Directed by LEE Jae-kyoo
Starring HYUN Bin, JUNG Jae-young, JO Jong-suk, HAN Ji-min, CHO Jae-hyun
Release Date April 30, 2014
The Fatal Encounter, the first of many major period blockbusters due for release this year, if we discount January’s underperforming The Huntresses, is gearing up for release at the end of April. Featuring the silver screen return of top star HYUN Bin, following his 21-month obligatory military service, dazzling visuals and a King’s court plot full of deception and intrigue, the film should have no trouble assailing the early Spring box office.
Following only one year in power, King Jeong-jo finds himself the target of multiple assassination plots. Over the course of a day, the King and his eunuch servant Gap-soo must contend with hidden political foes and vengeful outsiders. One of the men out for his head is Eul-soo, a mercenary sent by a band of assassins. Gap-soo feels compelled to reveal his hidden past in that very same group and though he suffers at the hands of the King’s protectors, the monarch himself allows him to leave the royal palace with his life. When he discovers that his former master’s life is in danger, he rushes back to the King’s court before it’s too late.
LEE Jae-kyoo makes his studio debut with The Fatal Encounter, though he made the 60-minute online film The Influence, starring LEE Byung-hun, in 2010 and has directed several high profile TV shows. Making the most of a KRW 10 billion (USD 9.6 million) budget, LEE fills the screen with dazzling production values. Even in a crowded field of sumptuous period dramas that includes recent favorites Masquerade (2012) and The Face Reader, LEE’s film stands out for its impressive visual display.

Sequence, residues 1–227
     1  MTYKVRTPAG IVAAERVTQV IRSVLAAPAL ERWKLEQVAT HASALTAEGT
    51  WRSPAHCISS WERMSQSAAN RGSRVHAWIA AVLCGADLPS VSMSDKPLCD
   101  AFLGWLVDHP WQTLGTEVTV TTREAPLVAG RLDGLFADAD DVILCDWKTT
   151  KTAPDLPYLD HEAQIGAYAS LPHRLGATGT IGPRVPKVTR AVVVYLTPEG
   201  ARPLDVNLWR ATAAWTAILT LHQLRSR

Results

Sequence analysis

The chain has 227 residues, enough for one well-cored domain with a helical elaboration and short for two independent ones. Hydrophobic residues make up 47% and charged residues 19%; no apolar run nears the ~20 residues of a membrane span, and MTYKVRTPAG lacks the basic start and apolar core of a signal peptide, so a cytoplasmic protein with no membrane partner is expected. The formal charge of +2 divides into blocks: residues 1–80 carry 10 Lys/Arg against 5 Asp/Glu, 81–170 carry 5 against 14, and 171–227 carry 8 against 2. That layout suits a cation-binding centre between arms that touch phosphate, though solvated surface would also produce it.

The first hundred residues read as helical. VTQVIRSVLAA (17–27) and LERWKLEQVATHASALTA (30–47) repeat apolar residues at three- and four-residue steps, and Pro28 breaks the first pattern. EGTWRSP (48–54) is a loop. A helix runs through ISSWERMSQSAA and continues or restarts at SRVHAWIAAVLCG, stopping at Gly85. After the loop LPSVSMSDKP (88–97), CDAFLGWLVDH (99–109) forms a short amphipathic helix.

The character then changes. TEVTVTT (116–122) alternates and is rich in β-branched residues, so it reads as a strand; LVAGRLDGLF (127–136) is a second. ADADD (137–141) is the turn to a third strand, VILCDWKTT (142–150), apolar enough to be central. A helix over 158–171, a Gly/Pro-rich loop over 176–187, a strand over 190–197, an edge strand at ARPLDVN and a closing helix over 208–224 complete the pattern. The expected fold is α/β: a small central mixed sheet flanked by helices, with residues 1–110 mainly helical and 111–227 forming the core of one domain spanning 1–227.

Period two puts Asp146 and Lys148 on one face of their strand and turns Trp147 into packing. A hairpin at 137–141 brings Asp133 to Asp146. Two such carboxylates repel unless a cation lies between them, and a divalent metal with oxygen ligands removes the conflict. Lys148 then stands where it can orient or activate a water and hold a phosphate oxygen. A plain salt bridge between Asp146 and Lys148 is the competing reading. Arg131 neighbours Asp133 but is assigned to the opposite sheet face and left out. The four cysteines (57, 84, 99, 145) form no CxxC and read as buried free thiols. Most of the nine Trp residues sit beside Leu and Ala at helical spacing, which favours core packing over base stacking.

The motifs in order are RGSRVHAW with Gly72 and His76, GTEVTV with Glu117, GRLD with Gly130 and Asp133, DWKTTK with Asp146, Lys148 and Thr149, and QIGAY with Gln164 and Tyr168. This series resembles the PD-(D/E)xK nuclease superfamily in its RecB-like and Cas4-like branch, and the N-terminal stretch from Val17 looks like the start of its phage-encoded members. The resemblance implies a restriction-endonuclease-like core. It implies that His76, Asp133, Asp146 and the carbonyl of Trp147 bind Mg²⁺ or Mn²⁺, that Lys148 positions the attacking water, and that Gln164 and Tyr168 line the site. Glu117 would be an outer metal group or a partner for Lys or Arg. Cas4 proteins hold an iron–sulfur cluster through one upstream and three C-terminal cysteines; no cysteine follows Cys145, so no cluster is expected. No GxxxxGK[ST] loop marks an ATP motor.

Things are not quite as clean in the narrative department as the contrived one-day structure requires a number of flashbacks to provide context and emotional background. Yet this format also keeps tension high for the duration of the film. Truth be told, The Fatal Encounter is most impressive when taken on a scene-by-scene basis. Though a number of elements stand out, a few too many plot strands that don’t always mesh well with one another detract from the proceedings.
However, a strong cast of supporting players, including a sympathetic JUNG Jae-young, a driven JO Jong-suk, an austere PARK Sung-woong and a madcap CHO Jae-hyun, keeps the film on track even in its unbalanced moments. Dressed and mad up to the nines and toned to boot, HYUN Bin’s regal presence is of a very modern variety. The star acquits himself well in a role that demands more grace than gusto, though the filmmakers did well not to lay too much on his shoulders.
Tense and engrossing, if uneven, The Fatal Encounter is just the ticket to turn audiences back on to local fare following a weak few months at the domestic box office.
By Pierce Conran